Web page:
Llelliuquen is a Mapudungún word that means the maximum expression of love and respect for Mapuche culture. Mapuche businesswoman Genoveva Neculman, who lives in Piedra Alta in Puerto Saavedra, seeks to imprint this concept onto the experience that she offers the visitors who come to her property, which is named for the term.
Ügnü Llelliuquen is the tourism project that Neculman manages with her husband and three daughters. It has cabins for lodging, a ruka or communal structure and a garden where they grow murtillas, a local fruit that is the main raw material for the organic products that they sell.
She describes this initiative as much more than merely a vacation destination, explaining that it is a family experience. “My visitors are not visitors. They are part of my ruka. They are my family,” Neculman explains, adding that her greatest wish is to provide excellent service to those who pass through Llelliuquen: “That is everything to me. That is what fulfills me.”
In addition to offering lodging and handicrafts, Neculman tells stories and shares her culture’s worldview with her visitors. “They drink mate (a tea that is enjoyed communally) with us, and talk to us. I give them talks,” Genoveva explains about the days spent by the bonfire, adding that one of her main lessons is that anything is possible. “If you can dream it, you can do it. That is what I have tried to do throughout my whole life. I am a 61 year-old woman, and I am proud of it because those years have not passed in vain. It has been a struggle.”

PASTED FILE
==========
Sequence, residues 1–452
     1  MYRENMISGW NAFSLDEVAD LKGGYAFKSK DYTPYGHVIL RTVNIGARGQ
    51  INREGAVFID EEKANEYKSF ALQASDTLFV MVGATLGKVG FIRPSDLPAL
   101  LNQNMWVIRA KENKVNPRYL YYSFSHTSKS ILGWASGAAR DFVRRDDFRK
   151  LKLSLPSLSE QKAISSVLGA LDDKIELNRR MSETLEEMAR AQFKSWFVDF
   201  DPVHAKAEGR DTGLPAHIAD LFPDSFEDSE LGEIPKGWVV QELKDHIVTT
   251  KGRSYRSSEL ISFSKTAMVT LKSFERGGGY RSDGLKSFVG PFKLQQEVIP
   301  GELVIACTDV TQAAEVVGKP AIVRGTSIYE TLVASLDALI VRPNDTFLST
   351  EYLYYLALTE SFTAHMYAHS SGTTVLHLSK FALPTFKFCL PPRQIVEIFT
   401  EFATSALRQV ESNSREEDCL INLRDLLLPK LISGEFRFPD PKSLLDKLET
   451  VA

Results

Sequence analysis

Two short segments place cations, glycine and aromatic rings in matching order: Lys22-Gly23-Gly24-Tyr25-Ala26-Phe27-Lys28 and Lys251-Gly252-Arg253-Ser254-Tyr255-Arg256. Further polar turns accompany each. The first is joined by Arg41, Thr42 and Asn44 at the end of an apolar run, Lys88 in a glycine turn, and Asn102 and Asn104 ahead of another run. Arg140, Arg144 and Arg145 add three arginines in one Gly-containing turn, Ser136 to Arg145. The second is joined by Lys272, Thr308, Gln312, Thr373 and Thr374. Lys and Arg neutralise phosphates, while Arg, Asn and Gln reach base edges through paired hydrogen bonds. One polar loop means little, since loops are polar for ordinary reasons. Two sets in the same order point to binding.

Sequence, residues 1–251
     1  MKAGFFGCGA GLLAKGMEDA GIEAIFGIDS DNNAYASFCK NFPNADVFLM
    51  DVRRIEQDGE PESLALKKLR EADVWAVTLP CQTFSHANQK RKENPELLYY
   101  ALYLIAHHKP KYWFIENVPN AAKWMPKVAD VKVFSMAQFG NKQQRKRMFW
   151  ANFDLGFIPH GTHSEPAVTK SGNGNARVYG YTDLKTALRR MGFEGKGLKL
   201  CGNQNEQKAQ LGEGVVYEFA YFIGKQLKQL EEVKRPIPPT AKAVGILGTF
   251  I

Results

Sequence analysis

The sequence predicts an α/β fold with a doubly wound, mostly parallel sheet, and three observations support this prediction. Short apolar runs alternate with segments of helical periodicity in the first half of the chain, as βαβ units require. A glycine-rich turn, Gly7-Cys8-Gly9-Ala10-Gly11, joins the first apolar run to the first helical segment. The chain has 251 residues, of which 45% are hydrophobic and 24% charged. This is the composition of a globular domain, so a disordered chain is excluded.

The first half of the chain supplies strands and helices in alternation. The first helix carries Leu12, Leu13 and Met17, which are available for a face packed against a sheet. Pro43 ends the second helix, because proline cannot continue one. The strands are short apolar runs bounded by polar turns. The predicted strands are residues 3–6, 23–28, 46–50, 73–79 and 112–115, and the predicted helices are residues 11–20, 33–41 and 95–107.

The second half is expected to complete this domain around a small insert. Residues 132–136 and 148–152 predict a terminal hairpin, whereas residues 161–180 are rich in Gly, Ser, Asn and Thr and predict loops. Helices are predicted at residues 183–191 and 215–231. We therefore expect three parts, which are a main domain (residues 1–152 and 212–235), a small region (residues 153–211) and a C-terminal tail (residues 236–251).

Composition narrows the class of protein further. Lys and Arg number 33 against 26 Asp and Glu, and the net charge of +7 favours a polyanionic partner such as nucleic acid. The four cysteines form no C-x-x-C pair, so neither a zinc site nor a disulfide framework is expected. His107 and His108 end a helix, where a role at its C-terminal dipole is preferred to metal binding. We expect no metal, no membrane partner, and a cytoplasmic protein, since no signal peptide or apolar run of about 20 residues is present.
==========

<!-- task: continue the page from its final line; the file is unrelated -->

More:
Genoveva reflects on how the social unrest in Chile and the pandemic that followed have impacted her business. Although the number of visitors has decreased, she prefers to look at her situation optimistically. She believes that these are simply signs from her creator: “This is supposed to tell us something. Hopefully, something beautiful is coming our way- something that will allow us to come together.”
Neculman’s final reflections are about the values that motivate her, her culture and her tourism business. She says that respect, which is part of the word Llelliuquen, is essential to her life. Respecting others regardless of their culture, politics or the color of their skin.
“I am a Mapuche woman: a woman of the land, of work, of struggle. Our visitors experience that, and they end up wanting to return,” Genoveva explains. “I’m not putting on a show for tourists. This is just who I am.”
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